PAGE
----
Monday, January 18, 2010

A Little Glitz and Glam and Fun for Monday

Good afternoon! Hope you're having far nicer weather than we're having here in Connecticut. It's rainy and grey and muddy from all the snow melting so quickly. Oh, well. We'll make it bright and sparkling here for a while!

If you came to climb over the backs of all the others who are taking a chance on winning my giveaway, just scroll down to yesterday's post ... all the information is there. Or you could just click on this image and it will take you there!
And, speaking of giveaways!, grab your sweetie's hand and head over to...

Shabby Cottage Shops for an amazing giveaway, valued at $350! Now that's a giveaway! Lots of goodies and treasures and gift certificates, oh my! Just click the icon below and it will take you to the spot!
This piece of performance art, entitled "Ghost of Versailles" was discovered via G's exciting and informative blog, Doves Today. As G describes it, "Performance artist Tim Dey has recreated the "Ghost of Versailles" as white-wigged and white-powdered aristocrats of the court of King Louis XVI of France, using bubble-wrap for materials. That's right - their costumes are made of bubble-wrap, plastic hose, water bottles and plastic wrappers."
It just knocks my socks off! Bubble wrap!

And, continuing the note of unusual and breathtaking art ... have you met the marvelous enchanted works of Su Blackwell? I am just awestruck by these exquisite assemblages. Take a stroll through more of her work at her site Su Blackwell. I would so love to see the delicacy and intricacy and detail of this work upclose and in real life!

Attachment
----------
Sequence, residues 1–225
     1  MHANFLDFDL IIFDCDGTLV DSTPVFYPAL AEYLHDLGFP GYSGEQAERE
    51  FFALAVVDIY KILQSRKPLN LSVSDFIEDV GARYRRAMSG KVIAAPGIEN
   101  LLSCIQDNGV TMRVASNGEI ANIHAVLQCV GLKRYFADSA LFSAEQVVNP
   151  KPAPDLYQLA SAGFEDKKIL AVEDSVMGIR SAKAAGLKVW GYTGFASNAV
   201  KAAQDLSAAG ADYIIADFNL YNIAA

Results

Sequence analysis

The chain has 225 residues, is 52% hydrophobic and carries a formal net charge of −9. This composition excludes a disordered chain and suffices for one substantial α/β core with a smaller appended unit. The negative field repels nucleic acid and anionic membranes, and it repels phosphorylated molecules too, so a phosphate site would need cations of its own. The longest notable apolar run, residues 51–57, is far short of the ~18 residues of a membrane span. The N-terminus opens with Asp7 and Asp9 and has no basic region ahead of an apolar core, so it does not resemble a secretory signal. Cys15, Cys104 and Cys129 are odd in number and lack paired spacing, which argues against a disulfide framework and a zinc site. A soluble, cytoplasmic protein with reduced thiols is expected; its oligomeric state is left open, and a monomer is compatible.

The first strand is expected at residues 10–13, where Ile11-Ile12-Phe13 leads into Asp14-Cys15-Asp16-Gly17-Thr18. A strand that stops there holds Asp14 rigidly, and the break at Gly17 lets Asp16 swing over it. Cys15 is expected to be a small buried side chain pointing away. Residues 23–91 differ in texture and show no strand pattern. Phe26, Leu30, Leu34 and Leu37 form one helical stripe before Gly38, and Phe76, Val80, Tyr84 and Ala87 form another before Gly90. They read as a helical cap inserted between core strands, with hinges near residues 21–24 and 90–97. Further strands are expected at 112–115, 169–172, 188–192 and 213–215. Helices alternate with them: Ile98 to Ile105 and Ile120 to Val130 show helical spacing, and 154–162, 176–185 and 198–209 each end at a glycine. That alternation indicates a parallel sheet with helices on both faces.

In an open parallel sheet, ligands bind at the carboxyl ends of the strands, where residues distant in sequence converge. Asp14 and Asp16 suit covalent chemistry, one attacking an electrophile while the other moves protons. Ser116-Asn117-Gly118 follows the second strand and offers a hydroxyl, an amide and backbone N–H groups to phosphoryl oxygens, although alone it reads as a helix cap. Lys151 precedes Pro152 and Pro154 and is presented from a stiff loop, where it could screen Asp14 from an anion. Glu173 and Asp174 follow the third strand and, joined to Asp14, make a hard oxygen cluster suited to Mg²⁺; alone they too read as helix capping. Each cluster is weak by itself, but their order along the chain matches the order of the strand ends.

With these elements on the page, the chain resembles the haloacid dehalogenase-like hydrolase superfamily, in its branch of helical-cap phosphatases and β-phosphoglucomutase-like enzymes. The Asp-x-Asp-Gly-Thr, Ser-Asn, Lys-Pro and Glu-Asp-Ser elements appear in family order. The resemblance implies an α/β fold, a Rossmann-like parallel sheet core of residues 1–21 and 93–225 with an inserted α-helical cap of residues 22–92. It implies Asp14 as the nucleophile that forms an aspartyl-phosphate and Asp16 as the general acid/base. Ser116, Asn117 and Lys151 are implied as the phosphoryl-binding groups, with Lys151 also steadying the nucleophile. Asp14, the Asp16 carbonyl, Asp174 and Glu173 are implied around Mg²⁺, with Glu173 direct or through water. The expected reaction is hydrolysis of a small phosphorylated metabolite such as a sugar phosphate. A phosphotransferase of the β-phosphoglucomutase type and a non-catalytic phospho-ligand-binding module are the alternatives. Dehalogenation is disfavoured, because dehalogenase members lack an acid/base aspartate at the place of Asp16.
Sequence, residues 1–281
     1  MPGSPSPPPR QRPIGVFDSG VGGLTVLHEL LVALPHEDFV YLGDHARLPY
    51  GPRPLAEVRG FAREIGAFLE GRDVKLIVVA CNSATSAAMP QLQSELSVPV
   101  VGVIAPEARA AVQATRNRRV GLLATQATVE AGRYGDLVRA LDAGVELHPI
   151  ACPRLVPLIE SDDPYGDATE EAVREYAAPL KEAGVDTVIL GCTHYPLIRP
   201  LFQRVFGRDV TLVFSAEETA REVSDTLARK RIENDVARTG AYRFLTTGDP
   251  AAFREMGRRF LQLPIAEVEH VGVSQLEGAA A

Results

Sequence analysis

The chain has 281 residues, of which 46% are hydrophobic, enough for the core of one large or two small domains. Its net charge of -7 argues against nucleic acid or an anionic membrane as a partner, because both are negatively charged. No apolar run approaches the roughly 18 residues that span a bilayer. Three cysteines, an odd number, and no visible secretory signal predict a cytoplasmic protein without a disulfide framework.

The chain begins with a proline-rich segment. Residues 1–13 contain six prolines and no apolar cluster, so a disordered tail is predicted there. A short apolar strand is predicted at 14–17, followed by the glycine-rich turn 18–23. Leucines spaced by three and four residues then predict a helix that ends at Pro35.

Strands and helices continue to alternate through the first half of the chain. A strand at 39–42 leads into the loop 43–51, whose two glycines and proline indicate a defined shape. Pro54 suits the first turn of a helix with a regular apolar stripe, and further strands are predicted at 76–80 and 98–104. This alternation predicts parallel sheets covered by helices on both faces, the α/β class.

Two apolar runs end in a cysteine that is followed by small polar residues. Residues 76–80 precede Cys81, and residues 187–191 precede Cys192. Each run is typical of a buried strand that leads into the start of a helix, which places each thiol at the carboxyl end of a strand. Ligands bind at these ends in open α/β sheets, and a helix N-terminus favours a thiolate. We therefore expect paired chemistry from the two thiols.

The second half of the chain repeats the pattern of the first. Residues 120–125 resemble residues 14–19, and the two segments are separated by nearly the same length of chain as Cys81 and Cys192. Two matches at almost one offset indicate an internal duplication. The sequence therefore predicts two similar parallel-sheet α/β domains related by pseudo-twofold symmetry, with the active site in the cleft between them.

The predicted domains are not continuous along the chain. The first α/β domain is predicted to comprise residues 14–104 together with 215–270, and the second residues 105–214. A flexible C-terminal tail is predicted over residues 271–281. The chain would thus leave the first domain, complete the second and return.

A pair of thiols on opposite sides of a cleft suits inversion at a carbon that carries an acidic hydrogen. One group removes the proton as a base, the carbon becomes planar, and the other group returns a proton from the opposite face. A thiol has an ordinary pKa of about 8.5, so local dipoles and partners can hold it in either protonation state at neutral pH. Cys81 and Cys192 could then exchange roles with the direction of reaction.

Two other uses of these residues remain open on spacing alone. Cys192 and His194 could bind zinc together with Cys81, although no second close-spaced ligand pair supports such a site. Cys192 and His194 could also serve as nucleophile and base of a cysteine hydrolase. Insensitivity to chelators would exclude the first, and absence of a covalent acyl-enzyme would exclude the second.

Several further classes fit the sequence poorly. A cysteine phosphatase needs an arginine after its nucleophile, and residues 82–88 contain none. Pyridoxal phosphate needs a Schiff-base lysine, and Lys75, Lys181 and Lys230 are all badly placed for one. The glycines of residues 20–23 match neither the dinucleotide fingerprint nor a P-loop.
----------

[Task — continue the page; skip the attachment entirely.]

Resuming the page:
Okay. We all love our mothers. Really. Is there anything better than a mother? Well...that wonderful creature called "Mother" sometimes just makes me want to take a running leap off a cliff.

My mother follows my blog (though she never comments), and keeps asking why - as I always post gifts and acquisitions with photos - I never mention the Christmas gift she sent me. So, just to keep her happy - and to keep me from jumping off a cliff - here is the wondrous treasure she sent me this year.

It's a Reuge musical automata pocket watch. It is truly exquisite. It is gold (well, LOL, gold plated), and when the alarm goes off it plays "Oh, What a Beautiful Morning." But even better, while the music box plays, the horse raises and lowers his head to drink, his arm (with the bird) waves, the young lady operates the pump, and the gear from the music box appears as the water coming out of the well.

Frankly, I'm terrified to carry it for fear of losing it LOL. But it looks very nice sitting on my bureau ... and I set it almost every day so that at some point the magic will happen.